One play can change a game.
The Elis’ losing streak reached three games as Yale (2–7, 1–5 Ivy) gave back an early lead to lose 29–7 to Princeton (5–4, 4–2 Ivy) at the Yale Bowl on Saturday.
With little over a minute remaining until halftime, however, the Bulldogs looked poised to take a lead and the momentum into the break. Then on second and goal from Princeton’s 5-yard line, head coach Tony Reno called for a trick play in which running back Mordecai Cargill ’13 passed across the field to quarterback Henry Furman ’14 — but the ball never reached Furman.
Instead, Princeton cornerback Trocon Davis leapt in front of Furman on the goal line and raced 100 yards the other way to give Princeton a 14–7 edge. The Tigers never looked back after Davis made the longest interception return in the 98-year history of the Yale Bowl.
“It definitely got us going,” Tiger quarterback Quinn Epperly said. “It was a huge relief for me after throwing the [interception that led to Yale’s drive] … that really got our momentum going, and we just took it from there.”
Playing without the top three quarterbacks on their depth chart and with star running back Tyler Varga ’15 standing on the sidelines with a leg contusion, the Bulldogs were still able to manage 348 yards of offense.
But three of Yale’s Ivy League-leading 26 turnovers kept the Elis from capitalizing on their offensive production. All three of these turnovers came within 30 yards of Princeton’s end zone, including two on the goal line.
“The tale of the game was the turnovers in the red zone for us,” Reno said. “We gave the ball back to them … Those three opportunities in the red zone you’ve got to cash in and get points.”
Reno added that despite the outcome of the running back pass play that led to the interception, he would make the same call again.
In addition to his earlier interception, Cargill fumbled while trying to stretch the ball into the end zone with 5:23 remaining in the third quarter. The Tigers recovered Cargill’s second fumble of the game in the end zone to end Yale’s scoring threat.
The Elis struck first on their second drive of the game in the first quarter. Furman threaded the ball down the middle of the field to hit wide receiver Grant Wallace ’15 in stride for a 14-yard touchdown pass that put Yale up 7–0.
The Tigers appeared to tie the score early in the second quarter, but wide receiver Roman Wilson’s touchdown catch was called back because of offensive pass interference. Defensive back Collin Bibb ’13 then ended Princeton’s drive with an interception in the end zone on the next play. Wilson would get into the end zone to tie the game at 7–7 on Princeton’s next drive by running around the right edge untouched from 1 yard out.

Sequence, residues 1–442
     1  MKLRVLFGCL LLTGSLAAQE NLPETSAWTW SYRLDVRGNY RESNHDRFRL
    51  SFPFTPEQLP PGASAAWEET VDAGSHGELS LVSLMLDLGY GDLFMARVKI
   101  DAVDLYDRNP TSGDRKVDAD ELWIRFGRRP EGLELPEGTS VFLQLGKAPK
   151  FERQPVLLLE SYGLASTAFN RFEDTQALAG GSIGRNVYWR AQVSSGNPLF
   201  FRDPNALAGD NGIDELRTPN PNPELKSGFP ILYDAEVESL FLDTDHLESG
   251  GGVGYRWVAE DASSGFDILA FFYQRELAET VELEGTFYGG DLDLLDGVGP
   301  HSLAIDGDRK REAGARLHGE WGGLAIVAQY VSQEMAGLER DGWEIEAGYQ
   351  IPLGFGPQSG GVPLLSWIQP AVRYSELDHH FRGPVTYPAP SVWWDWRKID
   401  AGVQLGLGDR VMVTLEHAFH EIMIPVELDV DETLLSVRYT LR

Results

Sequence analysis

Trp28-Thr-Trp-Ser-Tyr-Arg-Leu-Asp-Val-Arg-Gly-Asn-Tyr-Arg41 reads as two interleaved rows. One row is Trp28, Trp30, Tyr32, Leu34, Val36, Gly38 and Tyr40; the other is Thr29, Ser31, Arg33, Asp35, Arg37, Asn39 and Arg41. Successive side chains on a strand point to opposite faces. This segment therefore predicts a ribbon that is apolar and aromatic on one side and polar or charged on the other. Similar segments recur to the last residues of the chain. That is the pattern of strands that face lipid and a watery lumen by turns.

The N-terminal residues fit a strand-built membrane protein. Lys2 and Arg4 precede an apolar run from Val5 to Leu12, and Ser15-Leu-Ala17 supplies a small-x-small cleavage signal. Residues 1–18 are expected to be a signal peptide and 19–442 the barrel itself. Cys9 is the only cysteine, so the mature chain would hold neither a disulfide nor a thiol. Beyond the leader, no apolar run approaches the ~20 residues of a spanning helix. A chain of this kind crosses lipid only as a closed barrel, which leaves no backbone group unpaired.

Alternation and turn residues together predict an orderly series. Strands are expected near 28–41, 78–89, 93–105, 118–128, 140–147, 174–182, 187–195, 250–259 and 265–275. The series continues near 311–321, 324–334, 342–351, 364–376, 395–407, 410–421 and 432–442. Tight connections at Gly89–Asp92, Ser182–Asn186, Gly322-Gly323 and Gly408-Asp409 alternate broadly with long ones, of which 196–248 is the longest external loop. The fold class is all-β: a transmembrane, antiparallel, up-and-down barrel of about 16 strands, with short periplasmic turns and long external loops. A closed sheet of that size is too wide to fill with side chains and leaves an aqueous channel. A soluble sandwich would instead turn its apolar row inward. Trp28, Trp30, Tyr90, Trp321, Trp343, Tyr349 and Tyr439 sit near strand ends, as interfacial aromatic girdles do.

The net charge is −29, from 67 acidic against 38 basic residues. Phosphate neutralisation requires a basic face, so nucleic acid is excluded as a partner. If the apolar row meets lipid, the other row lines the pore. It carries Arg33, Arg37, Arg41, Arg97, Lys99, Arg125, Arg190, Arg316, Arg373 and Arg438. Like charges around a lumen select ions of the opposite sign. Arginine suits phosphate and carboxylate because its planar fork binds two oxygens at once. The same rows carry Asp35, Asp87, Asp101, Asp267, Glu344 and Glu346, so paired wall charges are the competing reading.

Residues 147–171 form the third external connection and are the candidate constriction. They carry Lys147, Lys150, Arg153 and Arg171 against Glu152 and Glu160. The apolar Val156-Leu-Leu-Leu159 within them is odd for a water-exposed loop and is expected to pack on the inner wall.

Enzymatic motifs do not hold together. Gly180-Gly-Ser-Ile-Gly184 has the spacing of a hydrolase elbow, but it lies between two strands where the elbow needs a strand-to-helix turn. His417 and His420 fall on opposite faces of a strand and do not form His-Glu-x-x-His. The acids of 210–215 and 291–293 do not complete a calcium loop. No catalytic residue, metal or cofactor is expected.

Epperly dominated for the Tigers in the second half. He scored on a 1-yard run at 11:23 in the third quarter to push the Tigers lead to 13. A fumbled hold on the extra point actually worked in favor of the Tigers, as kicker Nolan Bieck was able to dive over the end line for a two-point conversion to make the score 22–7.
“That was the first time the ball has ever been in my hands,” Bieck said.
Epperly then found wide receiver Matt Costello with a 9-yard fade to the back right of the end zone to put the game out of reach at 29–7 with 4:23 to go in the fourth quarter.
Furman matched the Tigers’ quarterback tandem of Epperly and Connor Michelsen. Having started the season as a wide receiver, Furman went 18–28 on the day for 184 passing yards and a touchdown. Furman credited his experience under center last year with easing the transition back to quarterback.
“It’s only been about six months since I stopped being a quarterback,” Furman said. “That wasn’t that bad of a transition … the offense is complicated but it’s also pretty fun to run.”
Cargill added 101 yards on the ground for the Elis. Bibb led the defense with seven solo tackles and two interceptions. Epperly paced the Tigers with 91 rushing yards in addition to going 5–10 for 66 yards through the air with one touchdown and one interception.
Varga had been the primary rusher for the Elis for most of the season and saw time as quarterback against Columbia and Brown. Without any of their top three quarterbacks, the Bulldogs have heavily favored the run in their past two games.
Princeton head coach Bob Surace said he was caught off guard at the beginning of the game when Yale came out in a traditional formation.
“We did not know that the running back wasn’t going to play,” Surace said. “We prepared all week for the wild cat and they came out and spread [their formation] … They jumped us.”
Yale travels to Cambridge next Saturday to play Harvard for the 129th time.